The Shepherd King – Part 11 August 30, 2016

At the end of last week’s posting, we left David hiding in the cave of Adullam. (I Samuel 22:1)  How things have changed since that day that Samuel the prophet showed up at his home and anointed him the next king of Israel!  Little did he expect what a nightmare awaited him.  Now, alone in a cave some 20 miles southwest of Jerusalem, David had not only left his childhood home but was presently separated from his new wife and from his best friend, Jonathan.  We sometimes speak of ‘life’s unexpected turns’ but this one was massive.


The Judean hills are dotted with caves to this day.  Archeologists tell us that through the centuries, right up to the time of the Romans, many caves were used as hiding places for Jews fleeing persecution.  We can only imagine the fear, the anger, the sense of abandonment, the confusion that David experienced, trying to make sense of what was happening as he leaned back against the hard wall of that cave.  Actually we don’t have to imagine for David wrote one of his psalms while alone in that dark place.

I cry aloud to the Lord, I left up my voice to the LORD for mercy.

I pour out my complaints before Him, I tell Him all my troubles.

When I am overwhelmed, You alone know the way I should turn.

Wherever I go, my enemies have set traps for me;

I look for someone to come and help me but no one gives me a passing thought.

No one will help me; no one cares a bit what happens to me.

Then I pray to You, O LORD. I say, ‘You are my place of refuge; You are all I want in life.

Hear my cry, for I am very low; rescue me from my persecutors; they are too strong for me.

Bring me out of prison so I can thank you

The godly will crowd around me for You are good to me’.     Psalm 142

You and I may never have fled to a literal cave in times of distress but we certainly have felt the same emotions David experienced in that cave.  How have we handled such stress?

David prayed.  He turned to the only ONE who could save him.  We get a glimpse into a critically important principle.  Remember that as a youth, he spent hours alone with God and his father’s sheep.  He learned to seek God early in life and reaching this devastating moment in the cave, his heart turned to the One he knew.

No one navigates difficult times successfully without the foundation of a personal relationship with God before the hard times hit.   Being faithful to prayer when ‘life is good’ prepares the soul to come through hardship and tragedy with courage and the inner peace that only God can give.  David had learned that and it served him well in the cave.

Secondly, David had a good cry!  There is nothing shameful about a man – or woman – having a good cry when it’s needed.  It is far more preferable than denying and/or suppressing one’s emotions which is damaging to one’s emotional, mental and even physical health.  David ‘cried aloud’ to the LORD and God listened.  He always does.  Learn to ‘pour out your heart’ to the LORD, David teaches us.  Tell Him your troubles, your fears, your desires.  In fact, David wrote in another psalm:  Trust in Him at all times, O you people; pour out your hearts to Him for God is our refuge.  Psalm 62:8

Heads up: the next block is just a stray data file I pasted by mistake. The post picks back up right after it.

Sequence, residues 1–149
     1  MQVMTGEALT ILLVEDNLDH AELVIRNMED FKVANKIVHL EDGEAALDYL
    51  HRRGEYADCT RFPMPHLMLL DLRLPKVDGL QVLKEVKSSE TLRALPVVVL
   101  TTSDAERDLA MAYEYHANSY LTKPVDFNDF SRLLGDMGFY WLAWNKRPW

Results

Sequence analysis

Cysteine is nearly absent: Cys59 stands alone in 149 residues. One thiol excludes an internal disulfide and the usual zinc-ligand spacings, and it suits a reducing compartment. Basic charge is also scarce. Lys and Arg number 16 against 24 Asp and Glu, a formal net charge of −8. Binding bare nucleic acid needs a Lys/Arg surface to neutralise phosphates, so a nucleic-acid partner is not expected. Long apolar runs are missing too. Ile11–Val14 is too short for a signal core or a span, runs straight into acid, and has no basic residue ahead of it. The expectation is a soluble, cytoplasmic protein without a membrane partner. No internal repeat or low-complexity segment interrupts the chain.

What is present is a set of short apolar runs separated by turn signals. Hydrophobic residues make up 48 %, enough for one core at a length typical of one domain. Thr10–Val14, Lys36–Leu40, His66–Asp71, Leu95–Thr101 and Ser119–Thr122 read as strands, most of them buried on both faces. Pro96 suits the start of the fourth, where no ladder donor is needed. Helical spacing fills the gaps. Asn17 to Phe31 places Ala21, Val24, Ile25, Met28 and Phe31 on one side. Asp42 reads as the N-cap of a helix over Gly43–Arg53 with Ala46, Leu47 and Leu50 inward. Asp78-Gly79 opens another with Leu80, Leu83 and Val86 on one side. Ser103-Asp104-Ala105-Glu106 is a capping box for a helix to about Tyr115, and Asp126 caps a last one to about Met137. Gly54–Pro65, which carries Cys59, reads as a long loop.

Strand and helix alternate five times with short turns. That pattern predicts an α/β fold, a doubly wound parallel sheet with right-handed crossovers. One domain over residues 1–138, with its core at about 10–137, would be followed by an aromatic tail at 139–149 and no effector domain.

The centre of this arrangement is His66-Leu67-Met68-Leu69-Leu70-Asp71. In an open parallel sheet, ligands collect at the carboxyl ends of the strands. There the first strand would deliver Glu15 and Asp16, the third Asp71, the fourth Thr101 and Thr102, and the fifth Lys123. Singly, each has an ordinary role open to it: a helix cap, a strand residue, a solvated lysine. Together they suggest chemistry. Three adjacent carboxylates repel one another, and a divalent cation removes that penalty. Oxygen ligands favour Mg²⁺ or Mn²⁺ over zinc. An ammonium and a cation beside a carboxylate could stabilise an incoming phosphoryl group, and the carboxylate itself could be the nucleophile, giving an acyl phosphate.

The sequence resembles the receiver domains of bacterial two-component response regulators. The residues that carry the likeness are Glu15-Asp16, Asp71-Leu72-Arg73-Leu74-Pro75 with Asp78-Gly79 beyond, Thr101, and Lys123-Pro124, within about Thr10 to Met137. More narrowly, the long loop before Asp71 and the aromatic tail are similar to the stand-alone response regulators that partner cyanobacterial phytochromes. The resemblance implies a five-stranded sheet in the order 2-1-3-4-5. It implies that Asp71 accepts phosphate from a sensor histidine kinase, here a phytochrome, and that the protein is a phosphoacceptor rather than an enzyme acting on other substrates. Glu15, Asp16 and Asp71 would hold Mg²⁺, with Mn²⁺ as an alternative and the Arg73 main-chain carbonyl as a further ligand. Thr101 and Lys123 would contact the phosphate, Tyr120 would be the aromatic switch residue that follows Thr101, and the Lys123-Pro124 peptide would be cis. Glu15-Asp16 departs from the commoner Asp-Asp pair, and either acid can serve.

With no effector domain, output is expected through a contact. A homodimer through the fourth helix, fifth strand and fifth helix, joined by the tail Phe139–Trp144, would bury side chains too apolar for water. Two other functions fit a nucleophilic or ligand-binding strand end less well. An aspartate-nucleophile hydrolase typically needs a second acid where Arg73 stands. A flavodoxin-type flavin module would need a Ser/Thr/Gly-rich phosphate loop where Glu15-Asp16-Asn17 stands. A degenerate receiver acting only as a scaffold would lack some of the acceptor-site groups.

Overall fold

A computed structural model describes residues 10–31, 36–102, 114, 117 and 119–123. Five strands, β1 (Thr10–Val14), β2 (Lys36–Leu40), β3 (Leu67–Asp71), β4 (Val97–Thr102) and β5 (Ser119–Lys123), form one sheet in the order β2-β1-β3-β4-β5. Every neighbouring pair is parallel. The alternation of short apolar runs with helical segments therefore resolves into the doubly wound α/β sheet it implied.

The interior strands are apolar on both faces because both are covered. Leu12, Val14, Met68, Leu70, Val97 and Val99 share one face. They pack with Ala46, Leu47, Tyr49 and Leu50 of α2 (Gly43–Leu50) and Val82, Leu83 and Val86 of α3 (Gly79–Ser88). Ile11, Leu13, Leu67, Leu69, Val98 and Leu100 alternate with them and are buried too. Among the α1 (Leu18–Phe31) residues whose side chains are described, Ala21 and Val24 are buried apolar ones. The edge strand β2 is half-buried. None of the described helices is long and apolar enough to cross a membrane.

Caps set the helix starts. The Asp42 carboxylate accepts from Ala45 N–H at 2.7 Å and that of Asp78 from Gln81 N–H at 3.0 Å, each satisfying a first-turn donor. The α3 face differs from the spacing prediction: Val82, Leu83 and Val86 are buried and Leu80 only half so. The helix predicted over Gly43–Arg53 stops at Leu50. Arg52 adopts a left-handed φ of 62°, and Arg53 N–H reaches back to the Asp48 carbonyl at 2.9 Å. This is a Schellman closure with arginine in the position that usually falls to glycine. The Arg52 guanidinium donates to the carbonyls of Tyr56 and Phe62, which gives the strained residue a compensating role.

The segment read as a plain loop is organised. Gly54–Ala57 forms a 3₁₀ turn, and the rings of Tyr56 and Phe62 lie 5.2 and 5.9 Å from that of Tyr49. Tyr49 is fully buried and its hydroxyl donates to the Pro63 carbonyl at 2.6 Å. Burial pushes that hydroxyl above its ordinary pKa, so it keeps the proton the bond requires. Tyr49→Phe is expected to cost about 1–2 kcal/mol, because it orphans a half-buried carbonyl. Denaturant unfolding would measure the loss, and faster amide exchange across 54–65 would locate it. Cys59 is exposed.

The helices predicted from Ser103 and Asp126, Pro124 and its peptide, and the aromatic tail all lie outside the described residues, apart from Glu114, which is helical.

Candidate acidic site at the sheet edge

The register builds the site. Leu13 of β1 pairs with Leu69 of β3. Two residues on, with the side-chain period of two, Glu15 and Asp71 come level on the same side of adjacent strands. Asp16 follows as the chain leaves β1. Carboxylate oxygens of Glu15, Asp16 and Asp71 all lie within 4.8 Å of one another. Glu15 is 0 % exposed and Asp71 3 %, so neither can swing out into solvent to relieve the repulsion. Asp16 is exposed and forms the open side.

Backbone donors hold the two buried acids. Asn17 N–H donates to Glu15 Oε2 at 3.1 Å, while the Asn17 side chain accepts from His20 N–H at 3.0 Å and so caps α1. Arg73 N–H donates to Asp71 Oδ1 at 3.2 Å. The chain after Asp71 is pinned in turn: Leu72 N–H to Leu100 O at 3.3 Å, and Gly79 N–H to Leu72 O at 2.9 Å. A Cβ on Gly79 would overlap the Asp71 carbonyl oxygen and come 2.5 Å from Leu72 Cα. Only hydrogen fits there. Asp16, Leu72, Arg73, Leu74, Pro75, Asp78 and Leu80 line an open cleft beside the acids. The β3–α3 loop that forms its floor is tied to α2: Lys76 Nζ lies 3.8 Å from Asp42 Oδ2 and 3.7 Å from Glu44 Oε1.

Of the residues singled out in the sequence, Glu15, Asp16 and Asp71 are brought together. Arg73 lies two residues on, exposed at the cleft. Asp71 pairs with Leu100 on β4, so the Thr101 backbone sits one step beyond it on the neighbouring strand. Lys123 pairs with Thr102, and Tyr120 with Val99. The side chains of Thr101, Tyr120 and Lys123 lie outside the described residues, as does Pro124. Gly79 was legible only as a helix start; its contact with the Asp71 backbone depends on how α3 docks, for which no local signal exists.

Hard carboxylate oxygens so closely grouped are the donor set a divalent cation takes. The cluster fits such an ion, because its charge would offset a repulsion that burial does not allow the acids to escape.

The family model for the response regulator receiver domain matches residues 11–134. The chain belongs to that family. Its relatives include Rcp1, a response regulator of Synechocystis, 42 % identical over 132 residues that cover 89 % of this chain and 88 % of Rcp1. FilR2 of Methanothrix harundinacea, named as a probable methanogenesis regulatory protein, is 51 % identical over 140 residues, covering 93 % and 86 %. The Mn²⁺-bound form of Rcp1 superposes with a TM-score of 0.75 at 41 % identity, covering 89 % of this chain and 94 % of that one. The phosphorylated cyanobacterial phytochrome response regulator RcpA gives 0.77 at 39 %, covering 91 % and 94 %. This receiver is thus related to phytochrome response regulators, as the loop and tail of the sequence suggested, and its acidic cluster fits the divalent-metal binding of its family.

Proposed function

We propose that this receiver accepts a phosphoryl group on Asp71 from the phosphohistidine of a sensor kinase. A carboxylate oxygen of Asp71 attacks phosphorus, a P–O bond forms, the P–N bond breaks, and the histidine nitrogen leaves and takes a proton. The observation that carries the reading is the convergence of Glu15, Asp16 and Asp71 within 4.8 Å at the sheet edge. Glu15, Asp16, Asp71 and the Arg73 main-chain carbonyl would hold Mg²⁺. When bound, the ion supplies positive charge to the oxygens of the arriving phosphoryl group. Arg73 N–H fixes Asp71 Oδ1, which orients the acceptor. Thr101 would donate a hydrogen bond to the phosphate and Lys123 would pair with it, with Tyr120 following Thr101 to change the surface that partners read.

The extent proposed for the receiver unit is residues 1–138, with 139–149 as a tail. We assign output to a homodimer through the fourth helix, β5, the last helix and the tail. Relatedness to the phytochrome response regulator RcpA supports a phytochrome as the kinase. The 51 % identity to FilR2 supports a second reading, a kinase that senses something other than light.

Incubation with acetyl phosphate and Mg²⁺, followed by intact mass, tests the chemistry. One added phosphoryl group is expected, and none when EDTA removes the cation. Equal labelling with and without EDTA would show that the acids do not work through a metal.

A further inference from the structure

But David didn’t wallow in his misery.  Having poured out his anguish to the LORD, he then immediately reminds himself of the faithfulness of God!  When I am overwhelmed, You alone know the way I should turn. (vs. 3)  Remember that in past years David had killed a lion, a bear and a giant, but this was different.  It was his first experience facing a personal enemy breathing murder against him – the most unsettling and painful ‘enemy’ to face.  Therefore his prayer is very specific and personal. Sometimes we tell a friend more about what we are going through than we tell God.  It should be the other way around!

We don’t know exactly how many days David was alone in the cave.  What we do know is that it wasn’t very long for we read in I Sam. 22:2  All those who were in distress or in debt or discontented gathered around him and he became their leader.  Oh my goodness!  Can you imagine being the leader of a group of distressed, indebted and discontented folks, particularly when you are running for your life?  This was a crash course in leadership, orchestrated by God Himself, but a course few of us would sign up for!

We know that good days are ahead for David but he didn’t know that then.  All he knew to do was face each day, seeking the LORD on how to lead this motley crew that gathered around him while holding on to the declaration of the prophet that one day he would be king.  He reminds me of Joseph, betrayed by his brothers, imprisoned on a false charge, separated from his family for 17 years but who never let go of the godly dreams of his youth and ultimately saw those dreams come true.  I often wonder whether David thought of Joseph as he sat in that cave, surrounded by malcontents.


Application:  Over recent months I have heard from many people who are distressed over issues and situations in nations across the world today.  I hear the fears, the concerns, sometimes the anger. Our primary response – like David’s – must be prayer.  It is a critical season that we are in, my friends.  Our deepest need is to turn, like David, to the only One who has the ultimate answers.  ‘I turn to You, O Lord; You are my place of refuge..’ and to recognize that in truth, ‘You are all I want in life.’  For if you have Him, everything else will fall into place for your ultimate and eternal good.  That doesn’t mean that everything will go smoothly or that you’ll never have to face challenges.  What it does mean is that whatever comes, your faith and your relationship with Him will be your strength and your peace.

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